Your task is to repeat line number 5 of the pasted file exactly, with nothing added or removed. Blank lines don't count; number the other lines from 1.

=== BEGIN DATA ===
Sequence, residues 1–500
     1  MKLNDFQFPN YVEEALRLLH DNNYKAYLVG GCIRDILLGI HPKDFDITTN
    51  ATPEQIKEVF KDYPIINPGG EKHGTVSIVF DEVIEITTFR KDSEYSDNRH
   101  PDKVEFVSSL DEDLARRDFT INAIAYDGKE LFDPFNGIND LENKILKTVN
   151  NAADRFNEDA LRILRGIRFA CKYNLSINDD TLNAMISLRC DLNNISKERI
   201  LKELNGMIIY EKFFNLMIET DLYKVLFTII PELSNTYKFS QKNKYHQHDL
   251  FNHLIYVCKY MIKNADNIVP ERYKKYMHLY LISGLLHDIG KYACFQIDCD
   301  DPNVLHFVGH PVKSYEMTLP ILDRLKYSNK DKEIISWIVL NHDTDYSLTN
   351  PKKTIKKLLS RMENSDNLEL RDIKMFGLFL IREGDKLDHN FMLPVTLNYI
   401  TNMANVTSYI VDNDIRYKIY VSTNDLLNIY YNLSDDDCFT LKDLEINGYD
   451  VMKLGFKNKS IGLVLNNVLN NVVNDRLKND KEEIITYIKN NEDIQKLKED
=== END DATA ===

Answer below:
   151  NAADRFNEDA LRILRGIRFA CKYNLSINDD TLNAMISLRC DLNNISKERI